The government has signalled that it is preparing to abolish the £9000 cap on tuition fees, allowing them to rise with inflation. An increase of £250 is expected for students applying for 2017 entry.
This increase has been linked to a new university ranking system set to be trialed over the next two years. Under the new framework universities are to be ranked bronze, silver or gold depending on the quality of the teaching they provide.
The projected 3.2% rate of inflation for the next two years suggests that fees will rise to £9500. All universities will be able to increase their fees to match inflation until 2018, but after that different universities may be allowed to charge different amounts depending on their classification.
The government insists that the new framework will allow students to make more informed decisions, but a uniform rise in fees may disproportionately affect students from less privileged backgrounds.
The new rankings will be assessed by an independent panel and will be based on statistics like dropout rates, graduate employment rates and student satisfaction.
Universities minister Jo Johnson defended the plans stating that “The framework will drive up quality in the sector…[and] give students clear, understandable information about where the best teaching is on offer”.
Lib Dem leader Tim Farron, who voted against a rise in tuition fees in 2010, has voiced his opposition to the further increase, condemning “fees that creep up year on year”. “Where does it end? It’s unacceptable”.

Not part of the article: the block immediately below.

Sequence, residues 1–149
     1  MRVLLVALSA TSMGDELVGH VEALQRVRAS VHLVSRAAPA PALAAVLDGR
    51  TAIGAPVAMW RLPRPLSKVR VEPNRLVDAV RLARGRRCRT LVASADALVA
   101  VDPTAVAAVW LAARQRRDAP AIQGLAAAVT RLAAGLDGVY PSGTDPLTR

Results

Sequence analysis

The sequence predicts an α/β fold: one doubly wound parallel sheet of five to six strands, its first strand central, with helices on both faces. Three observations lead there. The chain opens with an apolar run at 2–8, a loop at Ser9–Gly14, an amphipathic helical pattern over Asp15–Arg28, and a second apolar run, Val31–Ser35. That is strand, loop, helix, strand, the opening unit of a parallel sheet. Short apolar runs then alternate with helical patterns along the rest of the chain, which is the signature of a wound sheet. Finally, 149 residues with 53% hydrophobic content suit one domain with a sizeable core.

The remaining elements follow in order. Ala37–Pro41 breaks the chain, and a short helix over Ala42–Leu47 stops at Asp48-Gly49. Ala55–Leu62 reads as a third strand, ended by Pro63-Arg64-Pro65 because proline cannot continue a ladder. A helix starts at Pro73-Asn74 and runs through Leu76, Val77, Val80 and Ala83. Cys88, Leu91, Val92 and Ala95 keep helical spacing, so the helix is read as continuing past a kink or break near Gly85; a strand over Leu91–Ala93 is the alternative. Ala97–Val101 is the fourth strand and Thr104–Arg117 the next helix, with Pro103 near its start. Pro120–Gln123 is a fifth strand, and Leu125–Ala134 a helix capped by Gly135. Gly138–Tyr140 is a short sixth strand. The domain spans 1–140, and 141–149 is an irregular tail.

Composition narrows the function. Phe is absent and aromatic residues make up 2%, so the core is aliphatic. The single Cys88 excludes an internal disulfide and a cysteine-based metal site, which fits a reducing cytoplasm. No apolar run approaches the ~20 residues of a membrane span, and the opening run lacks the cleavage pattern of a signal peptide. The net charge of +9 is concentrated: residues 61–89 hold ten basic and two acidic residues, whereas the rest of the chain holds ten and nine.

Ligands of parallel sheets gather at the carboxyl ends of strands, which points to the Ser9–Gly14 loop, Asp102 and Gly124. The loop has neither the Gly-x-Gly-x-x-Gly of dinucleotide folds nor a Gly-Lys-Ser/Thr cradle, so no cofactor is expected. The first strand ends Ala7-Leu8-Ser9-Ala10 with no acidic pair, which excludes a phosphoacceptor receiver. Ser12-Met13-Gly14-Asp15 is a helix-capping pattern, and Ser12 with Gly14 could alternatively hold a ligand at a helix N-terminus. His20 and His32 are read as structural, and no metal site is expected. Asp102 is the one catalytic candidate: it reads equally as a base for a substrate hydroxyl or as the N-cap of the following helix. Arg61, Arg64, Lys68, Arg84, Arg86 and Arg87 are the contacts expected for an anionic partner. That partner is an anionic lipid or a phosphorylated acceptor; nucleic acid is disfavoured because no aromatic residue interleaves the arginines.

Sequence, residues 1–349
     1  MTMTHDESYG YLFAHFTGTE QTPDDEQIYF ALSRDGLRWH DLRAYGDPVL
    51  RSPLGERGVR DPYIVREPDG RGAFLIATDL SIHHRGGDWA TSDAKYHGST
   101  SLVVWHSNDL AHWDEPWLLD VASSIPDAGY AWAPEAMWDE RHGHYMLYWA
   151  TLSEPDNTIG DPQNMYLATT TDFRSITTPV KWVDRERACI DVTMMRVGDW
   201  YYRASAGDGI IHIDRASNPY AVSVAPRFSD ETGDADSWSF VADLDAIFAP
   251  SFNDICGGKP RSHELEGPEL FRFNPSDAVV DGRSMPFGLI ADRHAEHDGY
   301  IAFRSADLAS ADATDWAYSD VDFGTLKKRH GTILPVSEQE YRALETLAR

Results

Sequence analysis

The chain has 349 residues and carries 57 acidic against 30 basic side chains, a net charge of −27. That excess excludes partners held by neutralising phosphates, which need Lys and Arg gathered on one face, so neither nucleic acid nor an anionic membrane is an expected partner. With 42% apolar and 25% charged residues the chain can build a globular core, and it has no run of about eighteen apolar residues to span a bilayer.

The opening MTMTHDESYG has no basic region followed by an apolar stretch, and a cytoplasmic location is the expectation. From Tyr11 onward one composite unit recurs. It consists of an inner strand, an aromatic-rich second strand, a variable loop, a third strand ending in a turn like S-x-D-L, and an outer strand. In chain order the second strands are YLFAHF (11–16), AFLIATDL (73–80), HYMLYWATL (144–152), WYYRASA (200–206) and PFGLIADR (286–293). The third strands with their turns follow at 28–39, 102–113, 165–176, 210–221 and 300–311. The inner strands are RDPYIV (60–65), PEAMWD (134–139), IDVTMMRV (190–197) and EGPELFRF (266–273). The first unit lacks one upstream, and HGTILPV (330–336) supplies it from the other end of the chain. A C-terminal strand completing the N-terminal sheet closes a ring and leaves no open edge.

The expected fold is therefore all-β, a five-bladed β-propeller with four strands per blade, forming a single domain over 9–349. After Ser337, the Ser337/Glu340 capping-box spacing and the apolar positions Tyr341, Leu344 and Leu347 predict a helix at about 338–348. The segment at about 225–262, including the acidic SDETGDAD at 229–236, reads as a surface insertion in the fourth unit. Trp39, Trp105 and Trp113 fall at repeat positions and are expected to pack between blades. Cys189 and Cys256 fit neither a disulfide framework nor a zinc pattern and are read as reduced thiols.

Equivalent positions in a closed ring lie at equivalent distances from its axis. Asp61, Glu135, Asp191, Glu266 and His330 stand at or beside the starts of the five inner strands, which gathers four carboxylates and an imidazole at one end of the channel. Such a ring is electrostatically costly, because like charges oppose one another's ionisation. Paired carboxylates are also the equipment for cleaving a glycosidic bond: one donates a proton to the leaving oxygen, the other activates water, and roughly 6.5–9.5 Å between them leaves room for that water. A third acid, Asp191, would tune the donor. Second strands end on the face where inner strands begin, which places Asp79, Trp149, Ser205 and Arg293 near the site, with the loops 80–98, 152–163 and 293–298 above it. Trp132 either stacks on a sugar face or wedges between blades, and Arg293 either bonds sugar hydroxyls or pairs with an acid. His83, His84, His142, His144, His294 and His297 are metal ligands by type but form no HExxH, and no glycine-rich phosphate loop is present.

Less than a year after the student grant was scrapped, this further increase signals another rise in the cost of attending university, with fees possibly reaching £10,000 by the end of the decade.
2015 was the first year there was a decrease in the number of new students from working class backgrounds applying for university. Further increases in fees could see this worrying trend continue as the financial burden discourages poorer students.
The details and effects of the new ranking framework won’t become apparent for years to come.
To the government it represents a competition based method of driving up standards, for its detractors it’s a controversial marketisation of the higher education system aligned with an unwelcome rise in tuition fees. Either way, the true shape of the changes won’t be known until 2018 at the earliest.
(Image: National Geological Survey)